• Ewan Arnolda

Striving for Perfectionism almost ruined my passion for photography

Striving to capture the perfect images each time, I came close to giving up my passion for photography

Roughly 10 years ago, I started to pursue excellence in photography. Without the technical and image composition knowledge that I now possess, I was still satisfied with the output.

Over time, as I learnt technical and composition techniques, I began to critique every image I took. I wanted each and every image I captured to be...Perfect!

It's pivotal to human psychological desires to thirst for perfection. I have always striven to be a perfectionist in any task I attempt, so photography has been no different.

Perfectionism, however, began to affect my enjoyment of photography. It added stress, and the fear of failure, to my passion. It burdened my photography with a fear of rejection.

I was so caught up in the perfect conditions and technical details that I started to lose my creative edge, my spontaneity, and I also missed “the moments”.

I always felt I had to take a better photo than the next person. I would even question my self-worth, and my ability to continue in photography. It came to the point where I considered selling off my equipment and throwing it all away.

But a quotation from Winston Churchill – “Perfection is the enemy of progress” – shifted my approach to photography.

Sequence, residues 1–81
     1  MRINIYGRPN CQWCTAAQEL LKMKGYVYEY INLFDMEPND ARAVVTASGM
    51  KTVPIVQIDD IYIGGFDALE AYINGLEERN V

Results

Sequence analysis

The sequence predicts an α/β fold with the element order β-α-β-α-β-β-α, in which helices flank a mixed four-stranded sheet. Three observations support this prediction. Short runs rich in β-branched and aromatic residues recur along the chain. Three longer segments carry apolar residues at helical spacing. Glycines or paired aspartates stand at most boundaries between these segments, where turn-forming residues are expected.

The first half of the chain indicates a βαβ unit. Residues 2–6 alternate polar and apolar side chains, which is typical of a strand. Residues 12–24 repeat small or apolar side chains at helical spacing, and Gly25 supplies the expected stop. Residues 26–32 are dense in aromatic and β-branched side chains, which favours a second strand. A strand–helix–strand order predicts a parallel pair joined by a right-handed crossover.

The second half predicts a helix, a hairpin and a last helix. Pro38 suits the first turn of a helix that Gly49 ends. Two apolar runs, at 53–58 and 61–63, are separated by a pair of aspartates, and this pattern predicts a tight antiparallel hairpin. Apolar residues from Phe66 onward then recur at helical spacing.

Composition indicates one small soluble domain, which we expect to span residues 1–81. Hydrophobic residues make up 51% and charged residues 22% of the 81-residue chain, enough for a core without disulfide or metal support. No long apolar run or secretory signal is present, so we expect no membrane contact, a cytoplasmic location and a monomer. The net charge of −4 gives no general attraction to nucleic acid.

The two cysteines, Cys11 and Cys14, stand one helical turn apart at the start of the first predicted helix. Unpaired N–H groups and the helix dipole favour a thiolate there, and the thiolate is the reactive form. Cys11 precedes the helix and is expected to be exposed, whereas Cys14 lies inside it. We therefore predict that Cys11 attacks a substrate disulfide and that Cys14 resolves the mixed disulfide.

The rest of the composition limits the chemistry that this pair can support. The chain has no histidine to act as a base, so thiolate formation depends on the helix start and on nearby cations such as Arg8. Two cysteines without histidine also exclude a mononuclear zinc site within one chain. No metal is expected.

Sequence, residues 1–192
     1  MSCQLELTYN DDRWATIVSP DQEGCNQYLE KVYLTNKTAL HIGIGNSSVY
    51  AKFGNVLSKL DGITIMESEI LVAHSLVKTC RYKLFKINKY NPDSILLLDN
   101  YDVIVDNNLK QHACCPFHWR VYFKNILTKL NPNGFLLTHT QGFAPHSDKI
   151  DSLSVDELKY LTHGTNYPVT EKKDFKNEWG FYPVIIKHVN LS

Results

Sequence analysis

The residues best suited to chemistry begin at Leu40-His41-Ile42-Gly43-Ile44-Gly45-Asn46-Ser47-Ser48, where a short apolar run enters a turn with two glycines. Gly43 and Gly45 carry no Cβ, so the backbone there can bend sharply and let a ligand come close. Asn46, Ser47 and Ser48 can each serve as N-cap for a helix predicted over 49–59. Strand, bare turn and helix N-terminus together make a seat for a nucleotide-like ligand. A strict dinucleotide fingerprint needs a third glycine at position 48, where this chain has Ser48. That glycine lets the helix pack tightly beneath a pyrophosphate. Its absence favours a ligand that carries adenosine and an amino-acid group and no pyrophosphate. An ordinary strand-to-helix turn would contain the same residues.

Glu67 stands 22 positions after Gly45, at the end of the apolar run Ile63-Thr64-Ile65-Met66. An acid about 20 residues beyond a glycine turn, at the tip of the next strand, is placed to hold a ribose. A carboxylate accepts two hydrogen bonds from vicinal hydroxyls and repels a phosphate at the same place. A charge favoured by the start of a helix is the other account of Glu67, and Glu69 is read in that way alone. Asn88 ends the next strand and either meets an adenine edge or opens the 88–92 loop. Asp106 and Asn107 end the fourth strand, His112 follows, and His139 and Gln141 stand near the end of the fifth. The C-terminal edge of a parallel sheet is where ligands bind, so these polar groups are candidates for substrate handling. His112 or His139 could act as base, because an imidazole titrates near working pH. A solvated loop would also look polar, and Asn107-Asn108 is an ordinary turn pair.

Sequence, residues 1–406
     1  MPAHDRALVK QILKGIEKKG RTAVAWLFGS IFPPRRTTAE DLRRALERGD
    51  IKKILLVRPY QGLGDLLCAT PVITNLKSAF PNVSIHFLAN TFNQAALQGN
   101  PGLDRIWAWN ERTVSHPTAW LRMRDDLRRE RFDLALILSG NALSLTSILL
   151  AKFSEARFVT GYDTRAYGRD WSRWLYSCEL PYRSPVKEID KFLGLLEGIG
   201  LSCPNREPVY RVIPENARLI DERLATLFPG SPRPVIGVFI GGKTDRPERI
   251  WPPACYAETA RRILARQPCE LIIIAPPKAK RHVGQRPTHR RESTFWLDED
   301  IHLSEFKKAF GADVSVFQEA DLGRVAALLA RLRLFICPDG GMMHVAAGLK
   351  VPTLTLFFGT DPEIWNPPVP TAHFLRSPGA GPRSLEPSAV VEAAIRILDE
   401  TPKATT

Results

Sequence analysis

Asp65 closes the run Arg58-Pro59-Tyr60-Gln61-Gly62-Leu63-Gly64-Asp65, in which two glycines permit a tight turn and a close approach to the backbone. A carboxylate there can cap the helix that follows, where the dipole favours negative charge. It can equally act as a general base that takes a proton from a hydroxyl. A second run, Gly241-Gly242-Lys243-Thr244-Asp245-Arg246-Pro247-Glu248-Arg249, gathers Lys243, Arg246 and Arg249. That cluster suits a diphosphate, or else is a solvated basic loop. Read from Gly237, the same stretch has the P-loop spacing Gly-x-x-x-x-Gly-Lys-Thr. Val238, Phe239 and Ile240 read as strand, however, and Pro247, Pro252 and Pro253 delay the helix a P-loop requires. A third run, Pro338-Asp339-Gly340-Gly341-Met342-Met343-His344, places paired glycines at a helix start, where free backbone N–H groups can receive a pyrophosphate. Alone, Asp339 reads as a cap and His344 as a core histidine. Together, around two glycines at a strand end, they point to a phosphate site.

Perfectionism was the enemy of MY progress. I carried the stress to be perfect each time I took a photo, my images became boring and lacked creativity; perfectionism restricted my progress in learning and developing my skills.

Once I decided to let go and released myself from the pressure of taking the Perfect photos, I felt unburdened. I started to take photos; no matter what the conditions.

I wanted to capture the moments and incorporate my own creative approaches. I would crank up the ISO for intentional grain, exploring more with my shots. I started to include more movement within my photos, instead of freezing the moment.

Is there such a thing as a Perfect image?

Take a look at some of the most famous photographs from the old masters, and you will notice some technical imperfections. Yet these images are considered the best images of all time.

Is Perfectionism just an illusion, a mirage? Or is it an anchor, weighing down an individual's ability to progress or restrict one's creativity?

Remember this "To be worthy does not mean to be perfect." - Elder Gerrit W. Gong

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